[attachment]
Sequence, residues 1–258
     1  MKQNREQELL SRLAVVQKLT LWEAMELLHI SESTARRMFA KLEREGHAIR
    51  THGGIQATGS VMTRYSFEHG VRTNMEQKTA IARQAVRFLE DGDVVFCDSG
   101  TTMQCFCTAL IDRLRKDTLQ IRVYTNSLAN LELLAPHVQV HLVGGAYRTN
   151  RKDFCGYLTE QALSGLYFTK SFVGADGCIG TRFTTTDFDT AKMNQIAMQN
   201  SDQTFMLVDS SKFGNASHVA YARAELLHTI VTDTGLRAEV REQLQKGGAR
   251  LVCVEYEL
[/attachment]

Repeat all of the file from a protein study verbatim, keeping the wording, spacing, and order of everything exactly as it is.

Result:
Sequence, residues 1–258
     1  MKQNREQELL SRLAVVQKLT LWEAMELLHI SESTARRMFA KLEREGHAIR
    51  THGGIQATGS VMTRYSFEHG VRTNMEQKTA IARQAVRFLE DGDVVFCDSG
   101  TTMQCFCTAL IDRLRKDTLQ IRVYTNSLAN LELLAPHVQV HLVGGAYRTN
   151  RKDFCGYLTE QALSGLYFTK SFVGADGCIG TRFTTTDFDT AKMNQIAMQN
   201  SDQTFMLVDS SKFGNASHVA YARAELLHTI VTDTGLRAEV REQLQKGGAR
   251  LVCVEYEL